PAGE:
De­por­ta­tion hys­te­ria

Our view: When will Don­ald Trump ad­mit there won’t be any mass ex­o­dus of un­doc­u­mented im­mi­grants?


Since Don­ald Trump’s elec­tion vic­tory, the rhetoric over his hard-line stance on im­mi­gra­tion poli­cies hasn’t cooled a bit. In a re­cent in­ter­view on “60 Min­utes,” the pres­i­dent-elect vowed to de­port or in­car­cer­ate as many a 3 mil­lion im­mi­grants. Not to be out­done, some big city may­ors from Seat­tle to New York stepped for­ward promis­ing to main­tain their sta­tus as “sanc­tu­ary cities” that will refuse to en­force fed­eral im­mi­gra­tion laws.

But what if for all the blus­ter and threats, the pos­tur­ing and prom­ises, a Trump ad­min­is­tra­tion pur­sues an im­mi­gra­tion strat­egy not all that dif­fer­ent from that of Pres­i­dent Barack Obama? For a va­ri­ety of rea­sons, that might be where he’s headed. Here’s why.

First, of­ten over­looked by Mr. Trump’s more vir­u­lent an­ti­im­mi­grant sup­port­ers is that fact that the Obama ad­min­is­tra­tion has al­ready set records for de­por­ta­tions. Since 2008, an es­ti­mated 2.7 mil­lion peo­ple have been de­ported by the fed­eral gov­ern­ment, with an em­pha­sis on the very in­di­vid­u­als Mr. Trump claims he wants to ship out — gang mem­bers, felons and other se­ri­ous crim­i­nals.

So if he’s talk­ing long term, Mr. Trump’s im­mi­gra­tion stand may not be quite as bold as it ap­pears. In­deed, it would be hard to see the num­bers add up oth­er­wise — there sim­ply aren’t 3 mil­lion un­doc­u­mented con­victed crim­i­nals to de­port. The num­ber is more likely un­der 900,000, ac­cord­ing to U.S. De­part­ment of Home­land Se­cu­rity and Mi­gra­tion Pol­icy In­sti­tute es­ti­mates, and it’s prob­a­bly drop­ping given that il­le­gal bor­der cross­ings have fallen in re­cent years.

Sec­ond is a sim­ple lack of de­por­ta­tion in­fra­struc­ture. Ever try to round up mil­lions of peo­ple who don’t want to be caught? Dur­ing the cam­paign, the Repub­li­can nom­i­nee spoke of a pos­si­ble “de­por­ta­tion force,” but Repub­li­cans in Congress have al­ready poo-pooed that idea. And it’s not just a lack of im­mi­gra­tion agents — de­tain­ing sus­pects and lit­i­gat­ing all those cases would pose a con­sid­er­able chal­lenge to ex­ist­ing resources as well.

In fact, there’s al­ready a backup in the court sys­tem — per­haps a half-mil­lion or more cases — from the Obama ad­min­is­tra­tion’s on­go­ing de­por­ta­tion ef­forts. Mr. Trump can vil­ify the es­ti­mated 11 mil­lion peo­ple liv­ing in the U.S. with­out doc­u­men­ta­tion all he wants, but the law gives those in­di­vid­u­als cer­tain rights — among them the right to ap­peal any de­por­ta­tion order.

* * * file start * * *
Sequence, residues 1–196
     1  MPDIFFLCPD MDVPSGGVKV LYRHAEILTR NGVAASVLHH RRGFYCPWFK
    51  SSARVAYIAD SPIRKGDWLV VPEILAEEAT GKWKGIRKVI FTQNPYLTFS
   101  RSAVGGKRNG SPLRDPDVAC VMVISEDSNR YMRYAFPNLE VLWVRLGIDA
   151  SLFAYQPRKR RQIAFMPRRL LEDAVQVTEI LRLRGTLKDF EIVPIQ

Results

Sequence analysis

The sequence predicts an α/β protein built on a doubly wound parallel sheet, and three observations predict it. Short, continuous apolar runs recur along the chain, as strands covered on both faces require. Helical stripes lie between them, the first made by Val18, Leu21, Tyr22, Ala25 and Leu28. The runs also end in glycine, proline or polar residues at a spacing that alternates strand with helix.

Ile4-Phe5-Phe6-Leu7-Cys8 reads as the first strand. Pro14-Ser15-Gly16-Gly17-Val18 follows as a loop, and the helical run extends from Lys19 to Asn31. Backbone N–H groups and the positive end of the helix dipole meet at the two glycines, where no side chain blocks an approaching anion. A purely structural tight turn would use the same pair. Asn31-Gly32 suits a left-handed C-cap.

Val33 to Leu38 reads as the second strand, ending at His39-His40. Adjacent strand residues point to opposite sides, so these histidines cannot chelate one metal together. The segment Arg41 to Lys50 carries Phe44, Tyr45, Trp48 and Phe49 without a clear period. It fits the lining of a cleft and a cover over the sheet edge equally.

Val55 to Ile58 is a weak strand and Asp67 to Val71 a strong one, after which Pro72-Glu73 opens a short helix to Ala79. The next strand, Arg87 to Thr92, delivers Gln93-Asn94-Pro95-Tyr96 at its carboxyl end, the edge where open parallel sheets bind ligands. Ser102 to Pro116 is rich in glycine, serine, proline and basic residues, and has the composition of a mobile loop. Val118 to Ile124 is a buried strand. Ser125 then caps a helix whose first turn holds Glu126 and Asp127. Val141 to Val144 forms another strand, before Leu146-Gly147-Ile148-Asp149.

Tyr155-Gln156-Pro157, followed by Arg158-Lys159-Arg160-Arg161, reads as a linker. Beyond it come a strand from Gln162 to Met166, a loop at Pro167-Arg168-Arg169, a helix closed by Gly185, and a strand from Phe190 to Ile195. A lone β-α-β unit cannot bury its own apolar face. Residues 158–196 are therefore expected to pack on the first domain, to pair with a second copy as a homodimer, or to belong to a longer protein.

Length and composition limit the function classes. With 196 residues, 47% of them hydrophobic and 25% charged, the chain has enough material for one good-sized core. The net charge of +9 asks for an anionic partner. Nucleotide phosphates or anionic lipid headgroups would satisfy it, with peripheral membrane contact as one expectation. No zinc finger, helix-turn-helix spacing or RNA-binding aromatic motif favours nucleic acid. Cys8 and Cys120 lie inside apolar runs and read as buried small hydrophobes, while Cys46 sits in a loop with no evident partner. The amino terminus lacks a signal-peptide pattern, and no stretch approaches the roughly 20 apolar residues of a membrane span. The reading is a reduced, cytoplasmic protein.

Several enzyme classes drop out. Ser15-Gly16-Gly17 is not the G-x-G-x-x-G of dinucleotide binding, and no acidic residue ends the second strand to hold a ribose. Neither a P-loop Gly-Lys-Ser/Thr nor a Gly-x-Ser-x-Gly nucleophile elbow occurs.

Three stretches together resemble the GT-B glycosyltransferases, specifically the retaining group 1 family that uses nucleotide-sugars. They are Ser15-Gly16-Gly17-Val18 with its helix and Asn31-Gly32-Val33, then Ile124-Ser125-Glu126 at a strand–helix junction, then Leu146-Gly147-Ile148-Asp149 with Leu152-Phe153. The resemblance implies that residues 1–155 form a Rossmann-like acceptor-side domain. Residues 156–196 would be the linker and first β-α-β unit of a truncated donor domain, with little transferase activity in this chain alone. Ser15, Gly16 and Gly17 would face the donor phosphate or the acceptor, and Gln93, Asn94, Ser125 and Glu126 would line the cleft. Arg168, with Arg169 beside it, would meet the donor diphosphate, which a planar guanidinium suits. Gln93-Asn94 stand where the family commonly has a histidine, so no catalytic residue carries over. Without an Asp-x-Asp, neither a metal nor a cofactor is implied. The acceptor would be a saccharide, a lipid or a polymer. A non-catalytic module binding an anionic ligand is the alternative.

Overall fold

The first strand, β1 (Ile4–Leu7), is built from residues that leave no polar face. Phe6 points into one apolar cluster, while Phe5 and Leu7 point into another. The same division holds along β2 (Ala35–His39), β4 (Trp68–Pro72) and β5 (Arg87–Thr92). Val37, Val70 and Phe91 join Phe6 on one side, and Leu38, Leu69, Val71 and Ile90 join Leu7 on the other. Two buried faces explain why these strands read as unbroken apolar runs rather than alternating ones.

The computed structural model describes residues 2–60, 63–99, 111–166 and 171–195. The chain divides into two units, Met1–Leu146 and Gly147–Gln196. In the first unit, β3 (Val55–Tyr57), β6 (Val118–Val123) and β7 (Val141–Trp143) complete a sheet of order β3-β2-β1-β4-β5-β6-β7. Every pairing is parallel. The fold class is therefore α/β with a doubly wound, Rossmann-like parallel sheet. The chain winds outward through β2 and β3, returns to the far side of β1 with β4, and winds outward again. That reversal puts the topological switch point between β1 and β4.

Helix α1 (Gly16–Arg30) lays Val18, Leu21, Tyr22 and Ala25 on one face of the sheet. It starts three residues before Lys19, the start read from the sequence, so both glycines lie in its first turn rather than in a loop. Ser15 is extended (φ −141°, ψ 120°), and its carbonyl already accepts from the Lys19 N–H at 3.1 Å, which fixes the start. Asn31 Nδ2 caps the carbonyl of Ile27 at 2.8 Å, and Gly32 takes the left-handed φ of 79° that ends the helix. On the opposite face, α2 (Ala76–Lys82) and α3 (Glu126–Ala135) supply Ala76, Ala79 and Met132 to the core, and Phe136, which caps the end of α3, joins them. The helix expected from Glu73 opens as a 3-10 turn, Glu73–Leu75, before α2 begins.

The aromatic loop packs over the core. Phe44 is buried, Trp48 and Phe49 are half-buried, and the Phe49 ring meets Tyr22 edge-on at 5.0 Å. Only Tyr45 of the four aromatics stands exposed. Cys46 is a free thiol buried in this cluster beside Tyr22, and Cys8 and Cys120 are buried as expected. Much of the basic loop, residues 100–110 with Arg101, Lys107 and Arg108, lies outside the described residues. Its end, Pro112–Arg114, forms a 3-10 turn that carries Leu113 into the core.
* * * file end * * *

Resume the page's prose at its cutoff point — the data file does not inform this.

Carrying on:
Given those le­gal, lo­gis­ti­cal and re­source im­ped­i­ments, it’s en­tirely pos­si­ble Mr. Trump is pulling a fast one of his sup­port­ers and will sim­ply make more noise about de­por­ta­tion than his pre­de­ces­sors. The build­ing of a wall along the U.S. bor­der with Mex­ico may prove to be in the same vein — many miles of fenc­ing al­ready ex­ist along the Cal­i­for­nia and Ari­zona bor­ders, bar­ri­ers that have proven far from im­per­vi­ous. Mean­while, more than 40 per­cent Demon­stra­tors in Florida protest Pres­i­dent-elect Don­ald Trump’s im­mi­gra­tion poli­cies. of the un­doc­u­mented ar­rive legally but then over­stay their visas, mak­ing a fence, wall or any other bar­rier moot.

Yet even if a Pres­i­dent Trump doesn’t hire a de­por­ta­tion force, build much of a wall or take any of the dra­co­nian mea­sures both his crit­ics and many of his sup­port­ers have been an­tic­i­pat­ing, he’s al­ready helped change the Amer­i­can cul­ture — for the worse. Anti-im­mi­grant sen­ti­ment is on the rise. Polls show Amer­i­can at­ti­tudes to­ward im­mi­grants from the Mid­dle East, Latin Amer­ica and Africa are more neg­a­tive than pos­i­tive re­gard­less of le­gal sta­tus.

Lati­nos are more likely to dis­trust law en­force­ment and not re­port crimes or co­op­er­ate with crim­i­nal in­ves­ti­ga­tions. One study pub­lished in the An­nals of Emer­gency Medicine sug­gests Latino fear of po­lice and de­por­ta­tion has got­ten so bad that they are less likely to call 911 for an am­bu­lance or emer­gency med­i­cal help dur­ing a heart at­tack — with po­ten­tially fa­tal con­se­quences.

And hate crimes di­rected to­ward Mex­i­cans and other Lati­nos are on the rise as well. More than 400 in­ci­dents of ha­rass­ment and in­tim­i­da­tion have been recorded by the South­ern Poverty Law Cen­ter since Elec­tion Day. The lead­ing tar­get? Im­mi­grants, with136 such cases as of Mon­day.

Mean­while, Mr. Trump’s at­tacks on the North Amer­i­can Free Trade Agree­ment or NAFTA could lead to a trade war and tar­iffs that will de­press the Mex­i­can econ­omy and mo­ti­vate more peo­ple to en­ter the U.S. il­le­gally. If all that sounds con­fus­ing, bingo, you’ve got it about right. Mass de­por­ta­tions are un­likely, but mass hys­te­ria over a bo­gus im­mi­gra­tion threat? That may be closer to what’s in store for the coun­try.


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